Industries and Specialties
Office buildings are generally categorized as either Class A, B, or C. These classifications really depend on context and interpretation, and are not very black and white. However, Class A property should be in the best location, with the best type of construction and improvements. Class B is one step below that. Could wither be that the construction is of high quality but the location is inferior, or vice versa. A Class C property would be an office building of inferior construction quality and location.
Central Business District. These are office buildings located in the heart of the city. In bigger cities like New York, or even mid size ones like Orlando, these can be high-rises. found in and around the down town area.
Suburban Office Buildings. Naturally one can find office buildings of all classes and sizes, located outside the city center. Depending of the need, some businesses and/or investors prefer the down town high rises in the CBD, but others like free standing mid-size buildings, or part of an office business park in a suburban area.
Due to the economic growth and housing market up-word trend of the past couple of years, combined with lower inventory of multifamily units caused by the condo conversions of the pre-recession real estate boom and population growth of many American cities, multifamily has been one of the hottest segments of the commercial spectrum. Developers are scooping up land and building new apartment communities faster than one can blink, and investors are buying these at very low cap rates.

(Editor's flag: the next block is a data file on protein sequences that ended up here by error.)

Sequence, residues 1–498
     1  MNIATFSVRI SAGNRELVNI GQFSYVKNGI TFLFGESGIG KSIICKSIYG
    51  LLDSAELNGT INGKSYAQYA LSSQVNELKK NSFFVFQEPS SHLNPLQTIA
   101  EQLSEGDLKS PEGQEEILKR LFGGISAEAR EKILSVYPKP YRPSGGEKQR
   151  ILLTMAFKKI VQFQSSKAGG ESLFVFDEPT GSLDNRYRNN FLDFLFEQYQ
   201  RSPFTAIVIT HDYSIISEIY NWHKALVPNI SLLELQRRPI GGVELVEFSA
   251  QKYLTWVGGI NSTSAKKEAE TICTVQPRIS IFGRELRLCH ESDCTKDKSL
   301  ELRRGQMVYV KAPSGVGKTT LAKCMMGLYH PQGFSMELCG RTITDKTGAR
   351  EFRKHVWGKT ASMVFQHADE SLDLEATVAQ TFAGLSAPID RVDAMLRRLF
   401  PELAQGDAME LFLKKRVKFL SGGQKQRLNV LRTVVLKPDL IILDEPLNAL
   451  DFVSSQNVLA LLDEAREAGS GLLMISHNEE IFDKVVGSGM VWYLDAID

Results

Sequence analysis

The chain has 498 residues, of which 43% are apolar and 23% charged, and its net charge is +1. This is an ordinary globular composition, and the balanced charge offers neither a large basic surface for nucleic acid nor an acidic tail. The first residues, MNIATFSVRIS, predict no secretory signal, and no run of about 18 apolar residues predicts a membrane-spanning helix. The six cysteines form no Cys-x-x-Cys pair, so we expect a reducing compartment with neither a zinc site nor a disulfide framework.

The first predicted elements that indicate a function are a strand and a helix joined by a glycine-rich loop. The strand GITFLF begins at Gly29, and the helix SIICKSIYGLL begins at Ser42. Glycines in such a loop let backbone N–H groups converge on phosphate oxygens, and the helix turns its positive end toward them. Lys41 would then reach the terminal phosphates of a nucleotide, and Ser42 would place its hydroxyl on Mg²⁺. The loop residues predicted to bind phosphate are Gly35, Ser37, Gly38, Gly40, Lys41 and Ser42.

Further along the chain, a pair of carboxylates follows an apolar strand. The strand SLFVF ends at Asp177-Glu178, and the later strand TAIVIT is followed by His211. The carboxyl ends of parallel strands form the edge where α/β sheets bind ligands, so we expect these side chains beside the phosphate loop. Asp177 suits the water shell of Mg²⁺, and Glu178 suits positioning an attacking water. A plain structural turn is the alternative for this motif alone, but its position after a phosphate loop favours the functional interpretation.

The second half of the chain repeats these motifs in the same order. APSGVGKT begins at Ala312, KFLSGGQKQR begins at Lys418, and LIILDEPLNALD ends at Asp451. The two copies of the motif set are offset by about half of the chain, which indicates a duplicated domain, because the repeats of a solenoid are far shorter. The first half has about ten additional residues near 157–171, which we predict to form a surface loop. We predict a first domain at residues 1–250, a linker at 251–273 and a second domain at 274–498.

Garden Apartments. Garden apartments are typically 3-4 stories with 50-400 units, no elevators, and surface parking.
Mid-rise Apartments. These properties are usually 5-9 stories, with between 30-110 units, and elevator service. These are often constructed in urban infill locations.
High-rise Apartments. High-rise apartments are found in larger markets, usually have 100+ units, and are professionally managed.
Arguably one of the most popular and wide spread segment of the commercial real estate investment market.
Strip Center. Strip centers are retail properties that may or may not contain anchor tenants. An anchor tenant is simply a larger retail tenant which usually serves to draw customers into the property. Examples of anchor tenants are Wal-Mart, Publix, or Home Depot. Strip centers typical contain a mix of small retail stores like Chinese restaurants, dry cleaners, nail salons, cell phone providers, etc.
Community Retail Center. Community retail centers are normally in the range of 150,000-350,000 square feet. Multiple anchors occupy community centers, such as grocery stores and drug stores. Additionally, it is common to find one or more restaurants located in a community retail center. Out Parcels can be found adjacent to these.
Power Center. A power center generally has several smaller, in-line retail stores, but is distinguished by the presence of a few major box retailers, such as Wal-Mart, Lowes, Staples, Best Buy, etc. Each big box retailer usually occupies between 30,000-200,000 square feet, and these retail centers typically contain several out parcels.